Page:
Tuesday, July 13, 2010


Directed by Jonathan Mostow.
2009. Rated PG-13, 89 minutes.
Bruce Willis
James Cromwell
Rosamund Pike
Ving Rhames
Boris Kodjoe
Radha Mitchell
Jack Noseworthy
James Francis Ginty

Someone has developed a weapon that not only kills surrogates but also simultaneously murders their human operators. Surrogates are robots that people purchase to literally do their living for them. Human beings simply sit in a “stem chair”, reminiscent of what Neo and company used to plug into the Matrix. However, instead of controlling what is essentially a digitized version of who you want to be, you control of robotic one. You think it, it does it. This goes for speech, work, play and even facial expressions. And your surrogate doesn’t have to look like you or even be of the same sex. If you’re familiar with the game “The Sims”, just imagine that taken through its logical technological evolution. Surrogates are apparently extremely affordable because nearly every person has one. Therefore, almost nothing but robots roam the streets. Any real human being that dares show his face in public is referred to as a “meat bag.”

When the first murder takes place early on, and we indeed learn it is the first homicide in quite some time, Det. Tom Greer (Willis) is on the case. When his surrogate is irreparably damaged he has to venture out into the world himself to try and solve the crime. Of course, as is the way in movies we learn that this is much bigger than one killing. Lots of twists and turns follow. If you’re not paying attention it can become confusing. Still, it’s confusing in a good way. The action is solid if mostly unremarkable, save for one particular chase scene in which we see what surrogates are capable of. They can’t quite fly, but let’s just say they make LeBron James swooping in for a monster dunk look like he barely got off the ground.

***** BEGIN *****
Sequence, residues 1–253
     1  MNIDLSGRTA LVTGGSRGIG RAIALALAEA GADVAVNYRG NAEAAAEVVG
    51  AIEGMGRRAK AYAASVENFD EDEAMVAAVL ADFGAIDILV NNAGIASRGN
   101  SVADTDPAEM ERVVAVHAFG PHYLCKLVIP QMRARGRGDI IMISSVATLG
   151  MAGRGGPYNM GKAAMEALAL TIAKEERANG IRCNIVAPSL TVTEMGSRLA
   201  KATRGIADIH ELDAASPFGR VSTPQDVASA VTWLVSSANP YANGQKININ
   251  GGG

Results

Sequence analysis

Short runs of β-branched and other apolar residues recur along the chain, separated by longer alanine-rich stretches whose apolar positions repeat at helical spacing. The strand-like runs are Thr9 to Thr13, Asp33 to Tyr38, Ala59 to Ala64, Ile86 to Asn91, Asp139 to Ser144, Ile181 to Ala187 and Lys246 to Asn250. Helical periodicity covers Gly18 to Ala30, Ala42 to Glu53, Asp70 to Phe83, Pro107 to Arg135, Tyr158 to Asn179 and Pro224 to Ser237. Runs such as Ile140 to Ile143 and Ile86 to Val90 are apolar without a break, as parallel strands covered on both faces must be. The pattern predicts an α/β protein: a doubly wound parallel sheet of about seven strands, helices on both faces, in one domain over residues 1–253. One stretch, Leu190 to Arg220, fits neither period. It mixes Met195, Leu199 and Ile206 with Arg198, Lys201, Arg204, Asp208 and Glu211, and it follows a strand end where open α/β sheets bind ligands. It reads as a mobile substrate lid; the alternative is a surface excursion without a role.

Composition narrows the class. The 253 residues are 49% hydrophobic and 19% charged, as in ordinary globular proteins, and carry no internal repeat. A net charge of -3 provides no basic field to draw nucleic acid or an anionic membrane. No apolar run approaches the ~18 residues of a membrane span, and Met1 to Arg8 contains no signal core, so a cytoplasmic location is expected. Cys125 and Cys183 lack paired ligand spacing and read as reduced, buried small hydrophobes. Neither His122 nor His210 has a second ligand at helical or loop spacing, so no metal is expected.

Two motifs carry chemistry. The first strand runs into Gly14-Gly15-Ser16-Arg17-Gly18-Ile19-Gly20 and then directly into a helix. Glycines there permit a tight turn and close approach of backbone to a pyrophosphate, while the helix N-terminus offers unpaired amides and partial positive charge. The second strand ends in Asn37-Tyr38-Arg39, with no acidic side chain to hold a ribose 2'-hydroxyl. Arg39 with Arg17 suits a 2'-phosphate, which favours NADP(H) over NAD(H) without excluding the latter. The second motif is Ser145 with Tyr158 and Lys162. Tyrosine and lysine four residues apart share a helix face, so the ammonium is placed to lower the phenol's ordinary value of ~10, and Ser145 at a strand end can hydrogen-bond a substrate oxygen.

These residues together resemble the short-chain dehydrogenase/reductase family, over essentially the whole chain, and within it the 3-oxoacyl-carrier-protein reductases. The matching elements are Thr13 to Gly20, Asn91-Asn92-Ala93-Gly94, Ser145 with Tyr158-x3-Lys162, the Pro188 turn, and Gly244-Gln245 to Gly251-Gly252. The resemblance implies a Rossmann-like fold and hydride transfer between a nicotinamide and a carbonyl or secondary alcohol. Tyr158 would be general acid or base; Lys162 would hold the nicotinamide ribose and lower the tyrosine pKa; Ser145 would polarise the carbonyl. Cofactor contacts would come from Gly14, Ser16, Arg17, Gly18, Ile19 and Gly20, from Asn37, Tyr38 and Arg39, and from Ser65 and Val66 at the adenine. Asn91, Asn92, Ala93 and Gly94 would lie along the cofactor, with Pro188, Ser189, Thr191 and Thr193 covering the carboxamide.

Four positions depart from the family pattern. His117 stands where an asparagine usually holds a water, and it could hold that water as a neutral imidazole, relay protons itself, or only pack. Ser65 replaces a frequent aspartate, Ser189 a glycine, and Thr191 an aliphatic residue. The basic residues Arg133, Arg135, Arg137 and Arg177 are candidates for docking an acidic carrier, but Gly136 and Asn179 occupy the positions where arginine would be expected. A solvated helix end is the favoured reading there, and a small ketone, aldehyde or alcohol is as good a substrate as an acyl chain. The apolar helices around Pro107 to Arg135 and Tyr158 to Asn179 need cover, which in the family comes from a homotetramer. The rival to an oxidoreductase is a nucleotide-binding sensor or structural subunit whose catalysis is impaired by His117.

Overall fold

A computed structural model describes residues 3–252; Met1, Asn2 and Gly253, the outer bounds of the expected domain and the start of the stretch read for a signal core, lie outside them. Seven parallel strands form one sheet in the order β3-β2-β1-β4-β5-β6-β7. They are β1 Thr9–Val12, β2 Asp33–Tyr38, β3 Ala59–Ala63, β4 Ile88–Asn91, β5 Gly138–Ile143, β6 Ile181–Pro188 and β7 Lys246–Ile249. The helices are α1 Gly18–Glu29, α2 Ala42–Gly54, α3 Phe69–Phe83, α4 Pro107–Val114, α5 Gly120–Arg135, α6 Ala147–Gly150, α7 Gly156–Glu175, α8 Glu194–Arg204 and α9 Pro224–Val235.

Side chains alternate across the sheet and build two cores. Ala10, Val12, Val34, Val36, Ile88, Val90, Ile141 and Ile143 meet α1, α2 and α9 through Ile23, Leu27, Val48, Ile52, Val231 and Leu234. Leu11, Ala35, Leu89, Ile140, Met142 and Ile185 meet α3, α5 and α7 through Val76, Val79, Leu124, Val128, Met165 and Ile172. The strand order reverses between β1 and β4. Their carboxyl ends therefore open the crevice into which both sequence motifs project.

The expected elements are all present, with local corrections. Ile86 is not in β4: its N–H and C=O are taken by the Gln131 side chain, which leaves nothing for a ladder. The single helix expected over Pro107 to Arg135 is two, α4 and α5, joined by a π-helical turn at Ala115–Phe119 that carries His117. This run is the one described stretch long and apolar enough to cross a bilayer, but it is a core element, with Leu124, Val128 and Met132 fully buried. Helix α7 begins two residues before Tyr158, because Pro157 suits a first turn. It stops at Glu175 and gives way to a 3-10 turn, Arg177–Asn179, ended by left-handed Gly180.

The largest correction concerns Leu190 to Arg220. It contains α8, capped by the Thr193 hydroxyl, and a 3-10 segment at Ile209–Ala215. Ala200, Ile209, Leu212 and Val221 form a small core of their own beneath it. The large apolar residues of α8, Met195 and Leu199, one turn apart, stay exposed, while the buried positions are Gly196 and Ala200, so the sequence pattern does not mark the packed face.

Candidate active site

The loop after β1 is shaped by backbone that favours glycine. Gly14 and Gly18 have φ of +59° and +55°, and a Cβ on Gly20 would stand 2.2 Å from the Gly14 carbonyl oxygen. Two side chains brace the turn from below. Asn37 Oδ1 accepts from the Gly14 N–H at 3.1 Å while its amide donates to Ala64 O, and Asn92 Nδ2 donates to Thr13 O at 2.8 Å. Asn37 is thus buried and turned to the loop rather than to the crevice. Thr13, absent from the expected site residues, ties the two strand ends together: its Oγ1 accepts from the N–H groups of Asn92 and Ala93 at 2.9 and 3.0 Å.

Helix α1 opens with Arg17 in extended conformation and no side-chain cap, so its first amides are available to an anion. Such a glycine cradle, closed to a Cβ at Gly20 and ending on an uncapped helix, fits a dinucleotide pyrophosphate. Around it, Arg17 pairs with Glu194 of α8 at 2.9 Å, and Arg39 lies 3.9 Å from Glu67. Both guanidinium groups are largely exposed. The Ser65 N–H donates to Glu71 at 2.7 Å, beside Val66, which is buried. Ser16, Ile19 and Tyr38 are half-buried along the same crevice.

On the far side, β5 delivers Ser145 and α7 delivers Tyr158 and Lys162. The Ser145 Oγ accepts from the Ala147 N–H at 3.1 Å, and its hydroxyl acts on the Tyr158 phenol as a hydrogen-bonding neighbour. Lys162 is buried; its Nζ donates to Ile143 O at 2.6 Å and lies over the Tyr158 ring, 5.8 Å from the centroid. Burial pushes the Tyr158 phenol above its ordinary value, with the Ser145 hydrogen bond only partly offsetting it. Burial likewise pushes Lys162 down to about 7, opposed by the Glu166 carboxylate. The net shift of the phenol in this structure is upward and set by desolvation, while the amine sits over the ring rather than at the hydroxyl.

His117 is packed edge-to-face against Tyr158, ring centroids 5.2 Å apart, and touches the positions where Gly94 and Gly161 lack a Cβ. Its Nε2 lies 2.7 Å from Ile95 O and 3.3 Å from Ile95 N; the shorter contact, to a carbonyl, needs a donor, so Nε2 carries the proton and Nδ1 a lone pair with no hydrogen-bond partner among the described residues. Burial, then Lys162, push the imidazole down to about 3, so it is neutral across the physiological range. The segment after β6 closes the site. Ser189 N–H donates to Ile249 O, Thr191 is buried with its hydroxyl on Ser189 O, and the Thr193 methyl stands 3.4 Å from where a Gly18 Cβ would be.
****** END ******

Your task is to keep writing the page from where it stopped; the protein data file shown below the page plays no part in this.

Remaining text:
The premise and the quest to figure out who’s who are more intriguing than the action and rightfully dominate the picture. Though the battle between those for and agains surrogacy is on full display, other potentially tougher issues are vaguely hinted at but never explored in any meaningful way. Chief among them being what will happen to the world’s population. Does it start to dwindle? Or do people manage to unplug often enough to procreate? How about physically? Are people going to generally become the weakened blobs we saw in [i]Wall-E[/i]? We never venture down those paths.

It’s an interesting movie that puts a twist on the oft-used sci fi theme of technology taking over the world. Instead of robots or computers forcefully seizing power, humans have willfully given it away. As a “movie night” popcorn flick, it works but it also gives a little more to think about than most. However, if you find yourself confused early on you might check out and think both this film and I are crazy.

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